Decision-making by the Eurosystem and the European System of Central Banks (ESCB) is centralised, while the implementation of decisions is decentralised via national central banks.
The Eurosystem and ESCB are headed by the ECB’s decision-making bodies: the Governing Council and the Executive Board, and also the General Council and the Supervisory Board.
The Governing Council is the main decision-making body of the ECB and is responsible for taking important strategic decisions, key to the functioning of the Eurosystem. It comprises the members of the Executive Board of the ECB and the governors of the national central banks of the euro area countries.
The Governing Council of the ECB defines the monetary policy for the euro area. In this respect, the Governing Council defines the ECB's monetary policy strategy and its operational framework, meaning that the Governing Council is responsible for strategic monetary policy decisions.
Other responsibilities relate to the following:
- the issue of guidelines necessary for carrying out the tasks of the national central banks;
- the adoption of regulations, which the ECB may adopt in application of the Treaty on the Functioning of the European Union or by delegation from the EU Council;
- the exclusive right to approve the issue of banknotes, and the number thereof, in the euro area;
- the definition of rules necessary for the standardisation of accounting and reporting operations carried out by the national central banks;exercising the right of initiative for EU legislation and fulfilment of the ECB's advisory function, as well as decisions regarding the international role of the Eurosystem;
- decisions regarding the allocation of the ECB's financial resources and the adequacy of financial results, as well as the adoption of rules that govern the allocation of monetary income to euro area national central banks;
- the adoption of the ECB's annual report and financial statements.
The Governing Council is also the highest decision-making body for the entire ECB administration. It is responsible for adopting rules of procedure that determine the internal organization of the ECB and its decision-making bodies. The Governing Council also defines conditions for the employment of Executive Board members and employees of the ECB and determines the ECB's budget. Furthermore, the Governing Council adopts decisions with regard to bringing action and dismissing governors of national central banks before the court.
When Lithuania joined the euro it took the number of members of the Governing Council to 25. As a result, rules entered into force on the rotation of the voting rights of members of the Governing Council. The governors are divided into two groups on the basis of economic and financial criteria. The five governors who comprise the first group share four voting rights. The 14 governors in the second group, including the Governor of the Bank of Slovenia, share 11 voting rights. Voting rights are rotated at monthly intervals.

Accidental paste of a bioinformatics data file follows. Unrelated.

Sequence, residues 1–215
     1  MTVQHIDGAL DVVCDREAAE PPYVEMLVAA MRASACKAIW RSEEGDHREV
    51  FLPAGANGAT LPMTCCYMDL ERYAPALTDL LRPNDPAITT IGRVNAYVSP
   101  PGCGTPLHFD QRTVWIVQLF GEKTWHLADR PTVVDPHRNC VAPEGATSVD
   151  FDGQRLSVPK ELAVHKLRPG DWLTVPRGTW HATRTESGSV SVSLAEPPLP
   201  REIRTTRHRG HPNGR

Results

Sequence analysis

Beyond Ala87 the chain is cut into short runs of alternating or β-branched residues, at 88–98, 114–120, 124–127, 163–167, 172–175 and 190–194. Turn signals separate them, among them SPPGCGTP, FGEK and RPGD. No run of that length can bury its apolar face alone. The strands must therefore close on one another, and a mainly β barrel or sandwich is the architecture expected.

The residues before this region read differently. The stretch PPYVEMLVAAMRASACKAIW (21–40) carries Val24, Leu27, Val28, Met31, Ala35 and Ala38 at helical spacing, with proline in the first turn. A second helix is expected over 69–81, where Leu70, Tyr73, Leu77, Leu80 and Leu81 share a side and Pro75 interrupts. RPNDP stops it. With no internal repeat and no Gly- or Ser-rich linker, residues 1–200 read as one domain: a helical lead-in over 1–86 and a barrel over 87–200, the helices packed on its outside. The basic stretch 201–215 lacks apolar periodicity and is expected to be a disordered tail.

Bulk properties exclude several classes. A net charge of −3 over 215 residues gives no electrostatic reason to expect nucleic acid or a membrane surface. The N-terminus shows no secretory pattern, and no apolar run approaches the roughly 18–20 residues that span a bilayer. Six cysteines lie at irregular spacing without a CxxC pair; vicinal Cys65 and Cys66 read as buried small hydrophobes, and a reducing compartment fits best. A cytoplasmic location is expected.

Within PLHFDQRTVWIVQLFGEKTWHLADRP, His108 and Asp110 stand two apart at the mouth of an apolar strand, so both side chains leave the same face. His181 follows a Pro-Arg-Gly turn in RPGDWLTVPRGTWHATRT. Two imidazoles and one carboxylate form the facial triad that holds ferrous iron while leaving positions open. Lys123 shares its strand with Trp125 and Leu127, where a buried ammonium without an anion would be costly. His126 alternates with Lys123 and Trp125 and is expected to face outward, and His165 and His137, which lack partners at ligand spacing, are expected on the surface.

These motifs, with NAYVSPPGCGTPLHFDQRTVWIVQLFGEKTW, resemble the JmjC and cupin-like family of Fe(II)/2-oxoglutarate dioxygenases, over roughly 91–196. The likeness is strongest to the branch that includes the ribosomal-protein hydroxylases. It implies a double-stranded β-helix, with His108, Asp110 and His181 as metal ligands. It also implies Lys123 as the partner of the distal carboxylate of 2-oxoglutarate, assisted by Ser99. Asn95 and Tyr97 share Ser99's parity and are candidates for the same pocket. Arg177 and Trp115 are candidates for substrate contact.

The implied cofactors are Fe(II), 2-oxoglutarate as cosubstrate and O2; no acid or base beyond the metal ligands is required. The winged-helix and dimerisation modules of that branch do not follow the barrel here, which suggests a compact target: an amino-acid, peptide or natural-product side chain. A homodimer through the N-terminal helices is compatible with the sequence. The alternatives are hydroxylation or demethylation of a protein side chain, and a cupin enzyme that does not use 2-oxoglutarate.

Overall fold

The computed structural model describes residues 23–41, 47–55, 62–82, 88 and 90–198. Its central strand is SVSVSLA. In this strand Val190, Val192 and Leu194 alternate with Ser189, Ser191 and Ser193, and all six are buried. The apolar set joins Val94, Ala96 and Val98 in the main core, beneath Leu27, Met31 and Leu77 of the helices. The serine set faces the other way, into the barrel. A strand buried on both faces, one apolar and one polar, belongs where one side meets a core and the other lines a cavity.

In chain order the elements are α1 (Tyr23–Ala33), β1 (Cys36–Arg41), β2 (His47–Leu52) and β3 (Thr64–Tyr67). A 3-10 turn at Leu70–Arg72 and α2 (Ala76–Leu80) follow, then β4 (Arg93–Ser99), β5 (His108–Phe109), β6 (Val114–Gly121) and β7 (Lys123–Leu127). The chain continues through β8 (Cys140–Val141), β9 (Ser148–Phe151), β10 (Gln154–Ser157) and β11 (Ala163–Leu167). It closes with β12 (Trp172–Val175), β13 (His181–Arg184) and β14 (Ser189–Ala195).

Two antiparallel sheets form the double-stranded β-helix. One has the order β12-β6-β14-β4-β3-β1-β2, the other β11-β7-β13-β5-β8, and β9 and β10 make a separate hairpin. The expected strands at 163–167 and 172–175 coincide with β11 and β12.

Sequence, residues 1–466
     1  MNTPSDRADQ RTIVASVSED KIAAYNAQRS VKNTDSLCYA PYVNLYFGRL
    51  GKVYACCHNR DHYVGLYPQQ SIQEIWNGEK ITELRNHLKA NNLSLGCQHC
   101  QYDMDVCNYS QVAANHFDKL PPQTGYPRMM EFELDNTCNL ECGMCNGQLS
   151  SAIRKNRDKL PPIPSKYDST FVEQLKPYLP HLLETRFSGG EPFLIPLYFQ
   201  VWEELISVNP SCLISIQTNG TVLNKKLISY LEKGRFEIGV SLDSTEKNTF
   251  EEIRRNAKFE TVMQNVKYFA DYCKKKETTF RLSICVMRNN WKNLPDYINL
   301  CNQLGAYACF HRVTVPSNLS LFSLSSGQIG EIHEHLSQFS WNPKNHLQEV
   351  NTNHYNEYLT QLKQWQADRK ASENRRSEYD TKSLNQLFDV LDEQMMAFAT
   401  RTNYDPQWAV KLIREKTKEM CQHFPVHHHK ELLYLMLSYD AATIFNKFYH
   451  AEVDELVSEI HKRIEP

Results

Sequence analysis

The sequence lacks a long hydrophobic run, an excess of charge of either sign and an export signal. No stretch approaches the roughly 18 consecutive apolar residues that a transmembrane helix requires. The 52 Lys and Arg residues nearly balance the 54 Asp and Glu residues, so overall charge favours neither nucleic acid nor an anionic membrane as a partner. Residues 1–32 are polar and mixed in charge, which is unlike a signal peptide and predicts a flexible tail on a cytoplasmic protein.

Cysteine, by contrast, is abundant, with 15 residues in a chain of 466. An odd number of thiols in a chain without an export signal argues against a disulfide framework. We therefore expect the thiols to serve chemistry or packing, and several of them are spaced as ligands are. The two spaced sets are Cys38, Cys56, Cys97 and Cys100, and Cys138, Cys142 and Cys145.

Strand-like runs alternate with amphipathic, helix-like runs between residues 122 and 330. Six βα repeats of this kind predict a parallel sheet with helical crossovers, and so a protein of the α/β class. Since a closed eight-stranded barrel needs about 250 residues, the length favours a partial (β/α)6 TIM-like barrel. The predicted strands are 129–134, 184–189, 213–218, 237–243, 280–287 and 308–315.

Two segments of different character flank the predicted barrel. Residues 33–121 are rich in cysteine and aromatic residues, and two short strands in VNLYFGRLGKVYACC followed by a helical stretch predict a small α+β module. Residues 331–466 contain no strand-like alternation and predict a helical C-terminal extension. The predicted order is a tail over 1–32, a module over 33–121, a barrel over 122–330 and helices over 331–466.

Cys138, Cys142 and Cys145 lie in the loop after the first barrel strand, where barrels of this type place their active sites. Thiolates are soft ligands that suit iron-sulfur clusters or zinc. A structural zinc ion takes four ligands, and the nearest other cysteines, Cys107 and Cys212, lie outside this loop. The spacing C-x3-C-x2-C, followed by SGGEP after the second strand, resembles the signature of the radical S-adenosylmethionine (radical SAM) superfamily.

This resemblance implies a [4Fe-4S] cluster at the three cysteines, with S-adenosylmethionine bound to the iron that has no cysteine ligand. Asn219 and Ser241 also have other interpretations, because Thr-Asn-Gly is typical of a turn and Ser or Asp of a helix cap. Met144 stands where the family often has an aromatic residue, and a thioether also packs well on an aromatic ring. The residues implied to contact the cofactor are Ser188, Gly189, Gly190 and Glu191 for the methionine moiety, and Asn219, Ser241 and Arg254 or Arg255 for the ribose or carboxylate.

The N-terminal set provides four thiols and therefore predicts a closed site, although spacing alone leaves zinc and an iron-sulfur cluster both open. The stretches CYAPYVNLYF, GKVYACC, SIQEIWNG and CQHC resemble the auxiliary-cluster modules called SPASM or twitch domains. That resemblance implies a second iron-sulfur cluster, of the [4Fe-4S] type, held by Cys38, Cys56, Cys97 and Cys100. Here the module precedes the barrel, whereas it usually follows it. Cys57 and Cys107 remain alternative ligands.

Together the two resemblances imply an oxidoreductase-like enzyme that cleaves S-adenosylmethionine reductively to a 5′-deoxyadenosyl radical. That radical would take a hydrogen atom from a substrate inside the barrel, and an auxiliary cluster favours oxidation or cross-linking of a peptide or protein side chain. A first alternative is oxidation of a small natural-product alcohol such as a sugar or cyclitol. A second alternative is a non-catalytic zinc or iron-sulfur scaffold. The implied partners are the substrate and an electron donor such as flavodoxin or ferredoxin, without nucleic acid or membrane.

The Governing Council typically meets twice a month in Frankfurt am Main, Germany. The Governing Council meets every six weeks to make decisions on monetary policy (monetary policy meetings). The minutes of ECB monetary policy meetings are published around four weeks after the meeting.
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The Executive Board is the operational decision-making body of the ECB, enabling the latter to adapt and react quickly to changing conditions on capital and money markets. The Executive Board also discusses individual matters and matters of urgency. The Executive Board comprises six members. Its tasks are as follows:
- to prepare Governing Council meetings;
- to implement monetary policy for the euro area in accordance with the guidelines
- specified and decisions taken by the Governing Council;
- to manage the day-to-day matters of the ECB;
- to exercise certain powers delegated to it by the Governing Council, including tasks of a regulatory nature.
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As long as there are EU Member States that have not adopted the euro, the General Council serves as the ECB's third decision-making body. The General Council comprises the President and the Vice-President of the ECB and the governors of the national central banks of all EU Member States.
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The Supervisory Board, which discusses, plans and carries out tasks in banking supervision (Single Supervisory Mechanism), is answerable to the Governing Council. Representatives of national banking supervisors, among them the vicegovernor of the Bank of Slovenia, sit on the Supervisory Board.
The Supervisory Board meets twice a month as a rule. It proposes draft decisions to the Governing Council under the non-objection procedure.
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